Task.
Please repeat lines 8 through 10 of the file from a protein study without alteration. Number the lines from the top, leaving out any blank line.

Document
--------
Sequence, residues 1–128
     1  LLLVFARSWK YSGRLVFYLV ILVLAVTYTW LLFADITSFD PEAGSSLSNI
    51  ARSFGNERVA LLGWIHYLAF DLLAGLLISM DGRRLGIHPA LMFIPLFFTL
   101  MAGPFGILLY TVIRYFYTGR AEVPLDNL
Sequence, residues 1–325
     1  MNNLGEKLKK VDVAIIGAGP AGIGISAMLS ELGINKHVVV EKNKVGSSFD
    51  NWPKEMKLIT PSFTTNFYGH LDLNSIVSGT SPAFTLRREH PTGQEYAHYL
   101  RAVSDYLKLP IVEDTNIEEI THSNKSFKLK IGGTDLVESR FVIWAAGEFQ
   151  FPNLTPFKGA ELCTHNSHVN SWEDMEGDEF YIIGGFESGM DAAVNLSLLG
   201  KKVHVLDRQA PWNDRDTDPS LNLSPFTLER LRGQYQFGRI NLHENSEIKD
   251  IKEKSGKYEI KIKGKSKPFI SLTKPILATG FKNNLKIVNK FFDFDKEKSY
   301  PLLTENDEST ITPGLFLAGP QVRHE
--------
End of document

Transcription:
   101  RAVSDYLKLP IVEDTNIEEI THSNKSFKLK IGGTDLVESR FVIWAAGEFQ
   151  FPNLTPFKGA ELCTHNSHVN SWEDMEGDEF YIIGGFESGM DAAVNLSLLG
   201  KKVHVLDRQA PWNDRDTDPS LNLSPFTLER LRGQYQFGRI NLHENSEIKD